Harpers Fery fire destroys building, businesses
Firefighters remain on the scene in Lower Town Harpers Ferry this morning where fire has destroyed several buildings and displaced businesses and residents. At least three buildings have been destroyed and up to eight businesses lost in the fire that began in the early morning hours.
Firefighters were dispatched to the three-alarm fire at approximately 3:15 a.m. Reports indicated that the fire was fully involved in the 100 block of High Street when the first responders arrived. Buildings on Potomac Street, across from the Harpers Ferry Train Station were also damaged and/or destroyed. The complete damage estimate will come later; however, for many businesses, this is a total loss.
John Maxey, who owned and operated Data Direct, on Potomac Street, lost his business.
“We got a call from our alarm company around 3:30 this morning,” Maxey said, “telling us smoke detectors were going off.” Maxey did not expect to find the tragic scene when he arrived.
Also a total loss was The Vintage Lady, operated by Cindi and Billy Ray Dunn. Cindi posted to her Facebook page this morning the following message:
“It is with great sadness that I tell that Harpers Ferry has suffered a major loss – our building and two others have burned. My heart is so sad for all of us who loved our businesses and the people who came to our beautiful town. Just in our building alone there were five businesses and two apartments. God bless the fireman and all those supporting us. “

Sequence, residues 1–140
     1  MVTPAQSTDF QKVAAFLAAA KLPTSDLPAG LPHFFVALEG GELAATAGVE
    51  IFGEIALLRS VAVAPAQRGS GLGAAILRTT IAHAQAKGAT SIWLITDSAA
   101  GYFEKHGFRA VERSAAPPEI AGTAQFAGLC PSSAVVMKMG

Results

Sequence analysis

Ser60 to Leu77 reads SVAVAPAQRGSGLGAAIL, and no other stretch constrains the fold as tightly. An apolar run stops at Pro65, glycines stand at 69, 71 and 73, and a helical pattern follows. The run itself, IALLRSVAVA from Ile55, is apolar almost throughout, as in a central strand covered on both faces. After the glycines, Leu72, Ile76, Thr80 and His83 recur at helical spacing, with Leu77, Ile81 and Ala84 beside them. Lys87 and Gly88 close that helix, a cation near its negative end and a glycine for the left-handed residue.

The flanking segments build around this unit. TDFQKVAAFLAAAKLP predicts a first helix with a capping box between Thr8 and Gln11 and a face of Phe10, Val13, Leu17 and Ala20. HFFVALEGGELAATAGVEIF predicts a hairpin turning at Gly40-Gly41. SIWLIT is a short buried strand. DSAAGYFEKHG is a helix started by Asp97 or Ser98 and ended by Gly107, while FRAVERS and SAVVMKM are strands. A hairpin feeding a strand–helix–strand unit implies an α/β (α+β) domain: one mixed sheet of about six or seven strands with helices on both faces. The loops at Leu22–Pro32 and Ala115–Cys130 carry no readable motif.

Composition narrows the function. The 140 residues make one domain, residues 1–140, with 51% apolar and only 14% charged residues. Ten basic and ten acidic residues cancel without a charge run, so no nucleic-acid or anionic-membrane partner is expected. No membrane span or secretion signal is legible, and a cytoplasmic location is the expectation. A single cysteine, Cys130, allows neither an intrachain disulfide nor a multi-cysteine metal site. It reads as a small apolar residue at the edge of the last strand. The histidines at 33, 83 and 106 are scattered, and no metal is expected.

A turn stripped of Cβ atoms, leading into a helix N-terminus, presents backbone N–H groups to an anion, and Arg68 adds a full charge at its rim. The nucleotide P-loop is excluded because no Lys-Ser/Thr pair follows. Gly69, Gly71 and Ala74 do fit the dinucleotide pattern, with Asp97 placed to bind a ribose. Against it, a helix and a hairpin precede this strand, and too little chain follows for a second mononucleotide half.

Firefighters from all stations in Jefferson County were on scene as were units from Berkeley County, Washington and Frederick counties in Maryland; Loudoun and Frederick counties in Virginia.
There has been no official statement on a cause of the fires. The fire marshal will make preliminary reports as soon as it is safe to evaluate the scene. Until that time, there is no indication of a monetary amount of the loss to businesses or residents.
Fire apparatus will likely remain on the scene through the late hours of the morning into afternoon to monitor hot spots and potential re-igniting of flames.